“PTSD can happen to anyone who has been exposed to a life-threatening event, like combat, physical violence, a car accident, a natural disaster or anyone exposed to sexual violence. First responders can also develop PTSD after being exposed to aversive aspects of traumatic events,” says Tara Gilhooly, PhD, a clinical psychologist at Westchester Medical Center, the flagship of the Westchester Medical Center Health Network (WMCHealth). “It can happen to children, teens and adults, and it is not a sign of weakness. In many cases, individuals continue to function as if danger is present, even when they are safe.” PTSD affects 10 percent of women and 4 percent of men, but among current military members and recent veterans of both genders, the risk increases to a range of 11 to 20 percent. Besides the most well-known symptoms – nightmares, flashbacks and being easily startled – more subtle signs may include irritability, withdrawing from friends and family, losing interest in activities, having difficulty sleeping or engaging in high-risk behavior.
Doctors diagnose PTSD as exposure to a traumatic event, combined with symptoms from four categories: re-experiencing (e.g. nightmares, intrusive memories), avoiding reminders of the event, having negative changes in beliefs or feelings (fear, anger, guilt or shame), and hyper-arousal (feeling jumpy or on the lookout). Sometimes the avoidance symptoms can be obvious, while for some people they can be especially tricky to recognize, Dr. Gilhooly says. “Some people ‘over-function’ as a means of avoidance, meaning they keep their mind engaged in many activities, to keep the traumatic memories away.” That’s why milestones like retirement can increase symptoms of PTSD for some individuals. Experts recommend psychotherapy that focuses on the memory and meaning of the trauma. “Therapy helps people understand how trauma impacted their thoughts and feelings; to emotionally process the traumatic experience that helps the mind and body to recognize that memories and reminders of trauma are not actually dangerous; and to feel more comfortable participating in activities that have been avoided,” Dr. Gilhooly says.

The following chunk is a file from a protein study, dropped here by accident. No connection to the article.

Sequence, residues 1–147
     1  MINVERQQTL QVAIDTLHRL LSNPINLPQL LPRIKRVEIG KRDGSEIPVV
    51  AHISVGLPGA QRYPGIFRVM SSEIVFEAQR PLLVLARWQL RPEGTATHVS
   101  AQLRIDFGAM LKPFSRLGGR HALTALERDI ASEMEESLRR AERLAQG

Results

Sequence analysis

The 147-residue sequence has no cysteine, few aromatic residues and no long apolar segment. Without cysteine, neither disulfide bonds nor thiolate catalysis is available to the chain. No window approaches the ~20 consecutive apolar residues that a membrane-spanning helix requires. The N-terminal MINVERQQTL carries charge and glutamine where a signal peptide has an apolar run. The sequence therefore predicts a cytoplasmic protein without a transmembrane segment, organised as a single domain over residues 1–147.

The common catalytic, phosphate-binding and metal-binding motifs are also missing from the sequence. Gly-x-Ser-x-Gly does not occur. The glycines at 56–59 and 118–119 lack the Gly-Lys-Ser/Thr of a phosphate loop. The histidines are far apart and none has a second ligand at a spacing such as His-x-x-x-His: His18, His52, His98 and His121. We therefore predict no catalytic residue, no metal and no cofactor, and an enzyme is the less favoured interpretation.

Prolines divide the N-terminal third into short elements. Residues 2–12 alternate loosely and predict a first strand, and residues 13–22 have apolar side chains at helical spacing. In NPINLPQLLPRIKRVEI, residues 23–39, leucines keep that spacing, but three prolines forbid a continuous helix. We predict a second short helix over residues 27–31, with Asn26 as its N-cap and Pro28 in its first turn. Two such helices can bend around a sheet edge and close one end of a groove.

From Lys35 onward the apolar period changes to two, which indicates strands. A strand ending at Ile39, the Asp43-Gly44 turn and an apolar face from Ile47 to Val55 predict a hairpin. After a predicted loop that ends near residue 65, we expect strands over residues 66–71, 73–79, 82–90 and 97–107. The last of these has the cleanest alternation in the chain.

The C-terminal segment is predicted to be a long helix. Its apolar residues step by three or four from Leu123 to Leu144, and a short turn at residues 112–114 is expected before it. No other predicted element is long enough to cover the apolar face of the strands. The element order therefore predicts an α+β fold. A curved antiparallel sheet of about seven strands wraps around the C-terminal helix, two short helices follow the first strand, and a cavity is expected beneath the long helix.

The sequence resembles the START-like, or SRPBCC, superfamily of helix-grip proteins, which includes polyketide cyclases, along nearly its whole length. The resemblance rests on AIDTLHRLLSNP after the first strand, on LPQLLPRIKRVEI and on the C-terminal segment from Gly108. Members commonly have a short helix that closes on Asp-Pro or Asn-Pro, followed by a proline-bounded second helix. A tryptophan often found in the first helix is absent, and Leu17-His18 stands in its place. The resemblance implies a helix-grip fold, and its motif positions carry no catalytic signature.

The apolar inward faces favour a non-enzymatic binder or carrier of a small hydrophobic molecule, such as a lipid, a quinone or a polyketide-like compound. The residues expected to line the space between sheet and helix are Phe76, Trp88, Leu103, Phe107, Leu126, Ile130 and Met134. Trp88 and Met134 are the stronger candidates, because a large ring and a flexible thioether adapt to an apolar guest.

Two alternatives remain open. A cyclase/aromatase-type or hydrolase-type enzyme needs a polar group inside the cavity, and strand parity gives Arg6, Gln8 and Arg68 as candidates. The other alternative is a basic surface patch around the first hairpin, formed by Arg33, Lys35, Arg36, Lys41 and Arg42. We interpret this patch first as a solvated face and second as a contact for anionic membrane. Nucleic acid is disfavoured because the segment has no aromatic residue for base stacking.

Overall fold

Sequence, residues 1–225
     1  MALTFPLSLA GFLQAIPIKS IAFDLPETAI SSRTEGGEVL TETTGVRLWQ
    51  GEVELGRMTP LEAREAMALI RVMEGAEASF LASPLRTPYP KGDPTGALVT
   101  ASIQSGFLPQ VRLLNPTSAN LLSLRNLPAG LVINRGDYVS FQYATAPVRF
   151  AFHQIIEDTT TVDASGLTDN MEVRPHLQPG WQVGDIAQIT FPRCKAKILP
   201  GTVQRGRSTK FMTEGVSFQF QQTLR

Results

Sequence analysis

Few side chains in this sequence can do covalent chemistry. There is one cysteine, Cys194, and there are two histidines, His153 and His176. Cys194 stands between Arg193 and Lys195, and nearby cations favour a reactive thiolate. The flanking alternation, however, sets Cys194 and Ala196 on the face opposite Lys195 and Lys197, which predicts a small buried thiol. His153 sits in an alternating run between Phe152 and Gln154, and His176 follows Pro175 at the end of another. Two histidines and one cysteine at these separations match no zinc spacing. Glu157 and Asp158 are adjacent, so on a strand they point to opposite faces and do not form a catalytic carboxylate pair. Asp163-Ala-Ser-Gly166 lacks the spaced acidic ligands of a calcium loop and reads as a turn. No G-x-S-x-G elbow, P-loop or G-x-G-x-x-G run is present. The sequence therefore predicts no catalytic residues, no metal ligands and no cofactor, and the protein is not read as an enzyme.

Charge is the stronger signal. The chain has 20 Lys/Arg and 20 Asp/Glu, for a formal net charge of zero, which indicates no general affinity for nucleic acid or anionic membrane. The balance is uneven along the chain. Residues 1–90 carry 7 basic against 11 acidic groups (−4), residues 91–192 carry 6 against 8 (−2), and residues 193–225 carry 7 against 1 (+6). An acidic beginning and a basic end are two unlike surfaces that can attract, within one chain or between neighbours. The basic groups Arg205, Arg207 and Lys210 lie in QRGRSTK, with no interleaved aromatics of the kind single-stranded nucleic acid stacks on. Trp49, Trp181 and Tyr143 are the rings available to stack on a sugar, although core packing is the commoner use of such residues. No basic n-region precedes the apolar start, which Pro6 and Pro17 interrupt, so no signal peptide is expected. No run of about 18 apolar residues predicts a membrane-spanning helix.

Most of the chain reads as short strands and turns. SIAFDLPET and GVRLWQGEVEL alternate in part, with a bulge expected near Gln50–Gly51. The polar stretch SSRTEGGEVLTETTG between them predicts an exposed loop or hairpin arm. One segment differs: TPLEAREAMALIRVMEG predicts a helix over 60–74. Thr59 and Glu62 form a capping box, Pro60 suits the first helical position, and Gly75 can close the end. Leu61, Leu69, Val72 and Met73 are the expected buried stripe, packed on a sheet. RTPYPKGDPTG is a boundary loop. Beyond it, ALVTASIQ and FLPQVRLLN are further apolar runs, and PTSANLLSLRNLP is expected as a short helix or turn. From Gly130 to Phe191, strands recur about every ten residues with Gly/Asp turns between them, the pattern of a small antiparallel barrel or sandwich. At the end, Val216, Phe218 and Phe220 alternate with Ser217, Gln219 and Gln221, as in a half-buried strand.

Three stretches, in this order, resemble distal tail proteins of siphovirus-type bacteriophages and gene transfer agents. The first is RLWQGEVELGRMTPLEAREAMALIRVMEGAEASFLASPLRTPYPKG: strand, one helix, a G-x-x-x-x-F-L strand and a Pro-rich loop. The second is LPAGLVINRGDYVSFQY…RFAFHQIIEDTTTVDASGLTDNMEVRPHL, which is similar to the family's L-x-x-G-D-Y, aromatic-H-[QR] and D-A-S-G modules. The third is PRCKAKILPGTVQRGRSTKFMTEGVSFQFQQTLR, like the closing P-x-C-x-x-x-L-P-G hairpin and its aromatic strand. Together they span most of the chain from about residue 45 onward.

Psychiatry at Westchester Medical Center: